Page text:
My then-boyfriend and I were heading home one evening in Sendai City. I was beat from a long day at work and could barely keep a grip on my grocery bag. My boyfriend, a cheery Japanese guy from the Tohoku countryside, took the bag and slung it over his shoulder. I thanked him. He smiled and then uttered the words he probably regrets to this day: “Audrey wa kayowai ne.” (“Audrey, you’re ‘kayowai.’”)
“Kayowai”? What the heck is that? I popped open my electronic dictionary and looked up the word. “Feeble”?!
The blood vessels in my neck started bulging as I questioned in my head how a mild-mannered boy could say such a cruel thing. “Feeble” is a lab rat drained of its blood. “Feeble” is a stray cat found in a storm drain. “Feeble” isn’t your girlfriend who’s about to prepare you a home-cooked meal!
I gave him a verbal beating over the next several days. He defended himself by explaining that “kayowai” was used as a term of affection by Japanese boys. Only nice girls are paid such a compliment. It’s like describing a damsel in distress; if the damsel wasn’t “kayowai,” she wouldn’t need her Prince Charming.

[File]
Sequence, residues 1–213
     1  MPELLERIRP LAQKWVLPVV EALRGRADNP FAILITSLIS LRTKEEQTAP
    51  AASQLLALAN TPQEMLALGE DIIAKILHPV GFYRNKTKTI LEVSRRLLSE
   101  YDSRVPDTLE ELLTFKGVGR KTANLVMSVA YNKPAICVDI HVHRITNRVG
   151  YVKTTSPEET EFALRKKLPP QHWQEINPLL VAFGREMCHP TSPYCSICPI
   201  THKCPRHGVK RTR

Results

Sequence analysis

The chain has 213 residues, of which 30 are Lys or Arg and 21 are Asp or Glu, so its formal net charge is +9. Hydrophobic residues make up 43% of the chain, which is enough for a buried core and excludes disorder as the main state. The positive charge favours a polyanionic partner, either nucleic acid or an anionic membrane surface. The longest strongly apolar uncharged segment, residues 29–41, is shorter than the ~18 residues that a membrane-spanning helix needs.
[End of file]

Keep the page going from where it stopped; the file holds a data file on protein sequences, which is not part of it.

I got the gist of his logic but wasn’t willing to budge. Raised in a society fine-tuned by feminists, I wasn’t going to be treated as a lesser person because of my gender. It just wasn’t right. So I began lecturing him on the importance of gender equality and how it’s made my good ol’ U.S. of A. a better place. “If it weren’t for gender equality, I’d be serving tea all day like Japanese women!” I said, dealing the decisive blow that rendered him speechless — though mostly because he was just tired.
Though just when I thought I had it all figured out…after telling a Japanese female friend about the incident, instead of questioning my boyfriend’s reasoning she challenged my own. “Why are American women so strong-minded?” she asked. “Is it that bad to let a man help you?”
She told me about her experience living in the U.S. and feeling that so many American women were too rigid and self-righteous to become friends with. She added how she practically envied me because her own boyfriend had never used the word on her. “It’s not a bad thing to be considered feminine,” she said. Here was a girl whom I’d admired for her intelligence and strength. And here she was, jealous of my “feebleness.”
It took months to digest the whirlwind of discussions, though in the end I came to accept that we all have weaknesses, so why be in denial about it? I’m indebted to the feminist movement for making the world a better place for me, but it doesn’t mean I need to put up a fight every time someone thinks I need a hand.
So go ahead, call me feeble. I won’t put up a fight.